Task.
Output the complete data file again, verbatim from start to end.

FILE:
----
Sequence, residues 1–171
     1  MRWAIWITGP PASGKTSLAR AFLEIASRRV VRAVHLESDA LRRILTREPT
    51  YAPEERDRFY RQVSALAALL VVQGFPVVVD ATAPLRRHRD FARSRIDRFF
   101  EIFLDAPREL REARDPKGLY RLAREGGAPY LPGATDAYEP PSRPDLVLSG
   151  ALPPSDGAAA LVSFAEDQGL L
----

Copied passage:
Sequence, residues 1–171
     1  MRWAIWITGP PASGKTSLAR AFLEIASRRV VRAVHLESDA LRRILTREPT
    51  YAPEERDRFY RQVSALAALL VVQGFPVVVD ATAPLRRHRD FARSRIDRFF
   101  EIFLDAPREL REARDPKGLY RLAREGGAPY LPGATDAYEP PSRPDLVLSG
   151  ALPPSDGAAA LVSFAEDQGL L